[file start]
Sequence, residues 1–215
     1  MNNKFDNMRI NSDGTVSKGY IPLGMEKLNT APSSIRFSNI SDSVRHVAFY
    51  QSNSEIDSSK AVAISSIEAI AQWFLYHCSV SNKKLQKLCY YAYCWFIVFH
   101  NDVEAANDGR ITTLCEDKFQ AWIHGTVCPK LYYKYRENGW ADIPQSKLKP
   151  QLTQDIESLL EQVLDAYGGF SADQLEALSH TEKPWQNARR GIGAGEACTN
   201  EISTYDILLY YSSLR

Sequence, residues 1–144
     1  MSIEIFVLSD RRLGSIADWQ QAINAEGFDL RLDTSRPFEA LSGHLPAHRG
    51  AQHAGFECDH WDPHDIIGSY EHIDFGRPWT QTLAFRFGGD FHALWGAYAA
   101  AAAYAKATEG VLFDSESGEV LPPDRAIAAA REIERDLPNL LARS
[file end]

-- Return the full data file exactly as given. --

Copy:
Sequence, residues 1–215
     1  MNNKFDNMRI NSDGTVSKGY IPLGMEKLNT APSSIRFSNI SDSVRHVAFY
    51  QSNSEIDSSK AVAISSIEAI AQWFLYHCSV SNKKLQKLCY YAYCWFIVFH
   101  NDVEAANDGR ITTLCEDKFQ AWIHGTVCPK LYYKYRENGW ADIPQSKLKP
   151  QLTQDIESLL EQVLDAYGGF SADQLEALSH TEKPWQNARR GIGAGEACTN
   201  EISTYDILLY YSSLR

Sequence, residues 1–144
     1  MSIEIFVLSD RRLGSIADWQ QAINAEGFDL RLDTSRPFEA LSGHLPAHRG
    51  AQHAGFECDH WDPHDIIGSY EHIDFGRPWT QTLAFRFGGD FHALWGAYAA
   101  AAAYAKATEG VLFDSESGEV LPPDRAIAAA REIERDLPNL LARS